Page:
ATHENS (Reuters) - A Greek committee granted asylum on Thursday to a Turkish soldier who fled to Greece with seven other officers after a failed coup attempt against Turkish President Tayyip Erdogan in 2016, judicial sources said.
The decision is expected to anger Ankara, which accuses the fugitives of involvement in the abortive coup and wants them all handed over. It says Athens is harboring ‘coupists’. The soldiers deny any wrongdoing and say they fear for their lives.
“This is the third officer to be granted asylum (by the committee),” said one of the lawyers working on the case, speaking on condition of anonymity.
The Greek government was not immediately available for comment. Anxious to avoid further harming ties with Ankara, it appealed against the committee’s decision to grant asylum to the other two soldiers earlier this year, but a top court rejected its request. It is unclear whether it will appeal again.
The asylum committee is an independent administrative body.
The case has soured ties between Greece and Turkey, NATO allies which came close to war as recently as 1996 and which have also seen renewed diplomatic strains over natural resources in the Eastern Mediterranean and Europe’s migrant crisis.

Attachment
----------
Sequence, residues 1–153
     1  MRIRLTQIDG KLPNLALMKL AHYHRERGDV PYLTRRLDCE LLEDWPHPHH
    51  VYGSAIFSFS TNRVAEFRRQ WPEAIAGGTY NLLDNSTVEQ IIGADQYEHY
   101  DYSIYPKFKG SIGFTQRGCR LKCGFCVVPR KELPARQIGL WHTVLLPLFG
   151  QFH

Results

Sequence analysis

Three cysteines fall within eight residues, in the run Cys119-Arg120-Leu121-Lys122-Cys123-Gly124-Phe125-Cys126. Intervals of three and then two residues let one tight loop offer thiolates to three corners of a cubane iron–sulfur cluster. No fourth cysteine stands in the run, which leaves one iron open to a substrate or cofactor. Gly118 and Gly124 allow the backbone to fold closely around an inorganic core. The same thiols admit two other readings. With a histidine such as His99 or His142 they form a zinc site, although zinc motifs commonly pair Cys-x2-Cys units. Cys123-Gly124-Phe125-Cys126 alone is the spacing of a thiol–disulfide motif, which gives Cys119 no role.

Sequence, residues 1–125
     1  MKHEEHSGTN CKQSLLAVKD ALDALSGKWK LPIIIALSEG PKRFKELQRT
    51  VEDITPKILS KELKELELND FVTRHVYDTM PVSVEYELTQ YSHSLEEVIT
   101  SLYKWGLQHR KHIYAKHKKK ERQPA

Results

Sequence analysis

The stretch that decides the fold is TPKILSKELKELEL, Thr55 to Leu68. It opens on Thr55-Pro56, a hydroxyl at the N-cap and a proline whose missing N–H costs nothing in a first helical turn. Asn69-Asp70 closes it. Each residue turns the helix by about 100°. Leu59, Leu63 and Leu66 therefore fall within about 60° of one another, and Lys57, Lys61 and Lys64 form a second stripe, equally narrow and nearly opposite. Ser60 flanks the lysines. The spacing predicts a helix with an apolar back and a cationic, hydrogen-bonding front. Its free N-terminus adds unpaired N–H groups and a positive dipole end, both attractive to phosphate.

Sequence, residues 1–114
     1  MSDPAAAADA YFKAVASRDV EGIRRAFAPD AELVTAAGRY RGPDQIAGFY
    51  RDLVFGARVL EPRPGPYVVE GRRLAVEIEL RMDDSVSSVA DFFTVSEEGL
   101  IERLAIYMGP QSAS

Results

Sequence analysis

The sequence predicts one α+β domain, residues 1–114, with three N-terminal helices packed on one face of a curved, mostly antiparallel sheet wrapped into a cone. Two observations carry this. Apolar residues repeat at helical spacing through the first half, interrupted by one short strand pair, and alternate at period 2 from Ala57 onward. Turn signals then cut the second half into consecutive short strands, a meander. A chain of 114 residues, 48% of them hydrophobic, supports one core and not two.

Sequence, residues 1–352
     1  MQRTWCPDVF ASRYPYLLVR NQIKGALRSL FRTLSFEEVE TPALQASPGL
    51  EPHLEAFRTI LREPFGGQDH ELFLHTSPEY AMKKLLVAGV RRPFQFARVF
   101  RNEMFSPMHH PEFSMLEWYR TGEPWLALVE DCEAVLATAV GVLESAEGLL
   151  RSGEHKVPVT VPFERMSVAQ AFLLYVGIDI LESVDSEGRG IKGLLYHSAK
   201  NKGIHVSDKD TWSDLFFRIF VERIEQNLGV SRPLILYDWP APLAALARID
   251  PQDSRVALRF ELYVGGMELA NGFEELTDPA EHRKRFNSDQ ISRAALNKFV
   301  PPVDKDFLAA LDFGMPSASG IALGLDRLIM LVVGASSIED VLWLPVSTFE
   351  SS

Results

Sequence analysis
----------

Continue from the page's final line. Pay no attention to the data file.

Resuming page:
The eight soldiers have been released from prison and have been transferred to a guarded location. The remaining five soldiers are still awaiting a decision on their asylum applications.
In rejecting Ankara’s extradition requests, the Greek courts said they were not convinced that the eight would receive a fair trial in Turkey. Athens says the independence of the judiciary should be respected.
Last month, Turkey suspended its bilateral migrant readmission deal with Greece over the issue.
Separately, Turkish courts have rejected Greek requests for the release of two border guards, who were detained after crossing the frontier in bad weather on March 1.
Reporting by Renee Maltezou; Editing by Gareth Jones